Anna Turley MP: Ban the sale of energy drinks to under 16s
Ahead of her Westminster Hall debate on the sale of energy drinks to children, Anna Turley calls for a complete ban of the sale of energy drinks to under 16s.
To many the sight of a child drinking a can of energy drink would not be unusual. In the last ten to fifteen years there has been an explosion in the popularity of these drinks, particularly among young people. However, many children and parents may not be aware of the health risks of regularly consuming these drinks. You only have to turn the can over to see the warning “not recommended for children”, so why are we allowing our young people to drink these highly caffeinated drinks without any protections?
That is the question I asked myself after watching Jamie Oliver’s ‘Friday Night Feasts’. The programme investigated the dangers and prevalence of children regularly drinking these drinks. I was shocked. A massive 68% of those aged between ten and eighteen said they were consumers of energy drinks, with 12% of those saying they drank as much as one litre of energy drinks per session. Just to put that into perspective a litre of energy drink can contain the equivalent caffeine of 5 shots of espresso, and even more shockingly, can be purchased for as little as 79p. There are currently no protections or measures to limit the amount of these drinks a child can purchase. This is a danger to young people and is something that needs to be addressed. In my area of Teesside earlier this year a 16 year-old child was allowed to purchase 12 cans of energy drink from a single store. He then went on to down 5-6 cans in a single sitting, the equivalent to approximately 7 shots of espresso, he did this as he felt he needed a boost to get through a work session at college.
Studies have already shown the damage that regularly drinking these highly-caffeinated drinks can have on young people’s health. Increased caffeine consumption in children and adolescents has been shown to cause increased blood pressure, sleep disturbances, headaches and stomach aches.
Whilst these drink are not always specifically marketed to target children, they are appealing to them nonetheless. The drinks are often sold for as little as 30p and packaging sometimes contain marketing techniques such as video game rewards. Studies have also found that children perversely associate these sometimes unhealthy drinks, with sporting activities. With many of the larger energy drink manufacturers sponsoring extreme-sports events or major occasions such as the Carabao Cup, they are also often associated with children’s favourite sports or a general culture of risk-taking behaviour.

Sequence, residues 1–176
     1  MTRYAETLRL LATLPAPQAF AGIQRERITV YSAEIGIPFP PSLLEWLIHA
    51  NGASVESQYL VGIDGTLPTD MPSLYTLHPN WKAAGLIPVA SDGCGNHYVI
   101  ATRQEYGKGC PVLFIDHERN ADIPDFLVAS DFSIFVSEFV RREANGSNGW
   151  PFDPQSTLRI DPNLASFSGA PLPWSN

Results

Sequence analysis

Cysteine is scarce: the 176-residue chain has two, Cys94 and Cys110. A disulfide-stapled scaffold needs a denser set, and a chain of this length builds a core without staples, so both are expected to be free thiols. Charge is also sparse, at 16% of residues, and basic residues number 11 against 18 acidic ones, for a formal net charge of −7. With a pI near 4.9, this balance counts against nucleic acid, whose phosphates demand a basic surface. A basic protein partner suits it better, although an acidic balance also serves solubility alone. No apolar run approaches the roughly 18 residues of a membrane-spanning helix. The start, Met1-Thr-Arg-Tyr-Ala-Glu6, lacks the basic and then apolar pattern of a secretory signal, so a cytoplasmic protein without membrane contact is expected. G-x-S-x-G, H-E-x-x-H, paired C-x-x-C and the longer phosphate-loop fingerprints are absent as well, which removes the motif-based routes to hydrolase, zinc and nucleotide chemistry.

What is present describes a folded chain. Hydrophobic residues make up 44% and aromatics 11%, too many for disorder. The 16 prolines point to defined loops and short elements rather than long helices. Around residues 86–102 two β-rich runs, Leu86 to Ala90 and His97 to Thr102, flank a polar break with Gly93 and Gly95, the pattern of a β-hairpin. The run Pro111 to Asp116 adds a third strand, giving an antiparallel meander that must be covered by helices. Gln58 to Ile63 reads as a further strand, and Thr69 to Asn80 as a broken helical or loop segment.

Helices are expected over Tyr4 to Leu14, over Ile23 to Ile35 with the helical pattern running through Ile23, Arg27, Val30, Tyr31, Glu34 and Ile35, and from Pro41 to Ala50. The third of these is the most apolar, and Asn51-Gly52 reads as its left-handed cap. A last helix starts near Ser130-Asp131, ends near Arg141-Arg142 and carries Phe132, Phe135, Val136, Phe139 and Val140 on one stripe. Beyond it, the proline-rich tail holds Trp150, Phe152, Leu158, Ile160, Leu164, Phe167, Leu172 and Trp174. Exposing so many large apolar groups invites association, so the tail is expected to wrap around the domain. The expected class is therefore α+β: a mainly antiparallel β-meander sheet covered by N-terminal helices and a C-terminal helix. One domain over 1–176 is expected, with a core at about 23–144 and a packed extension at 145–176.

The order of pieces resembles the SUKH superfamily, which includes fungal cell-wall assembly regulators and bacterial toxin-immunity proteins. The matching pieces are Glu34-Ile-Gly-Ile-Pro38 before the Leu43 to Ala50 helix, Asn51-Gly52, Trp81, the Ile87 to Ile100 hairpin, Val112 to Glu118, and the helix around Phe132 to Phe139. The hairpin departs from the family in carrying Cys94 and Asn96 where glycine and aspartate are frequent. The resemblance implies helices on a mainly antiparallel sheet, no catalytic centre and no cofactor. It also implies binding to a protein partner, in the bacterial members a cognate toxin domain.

Many larger retailers such as Tesco, Waitrose, and Boots, as well as over half of independent convenience retailers have already taken the step of prohibiting the sale of energy drinks to children under 16. Whilst I welcome this, I do not believe that it is enough. There are still thousands of local retailers where children can purchase these cheap, highly caffeinated drinks, often for cheaper than a bottle of water. I hope my debate on Tuesday will be an opportunity for the Government to put on record their commitment to protecting children from the risks of high caffeine intake and commit to a complete ban on the sale of energy drinks to under 16s.
The Government needs to take tough and decisive action to tackle the current childhood diet and obesity crisis in the UK. They have already taken some important and needed measures, such as the introduction of the ‘sugar tax’. However, changing attitudes towards sugar in the last 5-10 years means that some energy drink manufacturers have already produced ‘diet’ or sugar free alternatives to their standard drinks, this does nothing to deal with the problem of the large amounts of caffeine in the drinks. I am joining with health professionals, teachers, parents and health campaigners like Jamie Oliver in calling for a complete ban of the sale of energy drinks to under 16s.
Anna Turley is Labour MP for Redcar.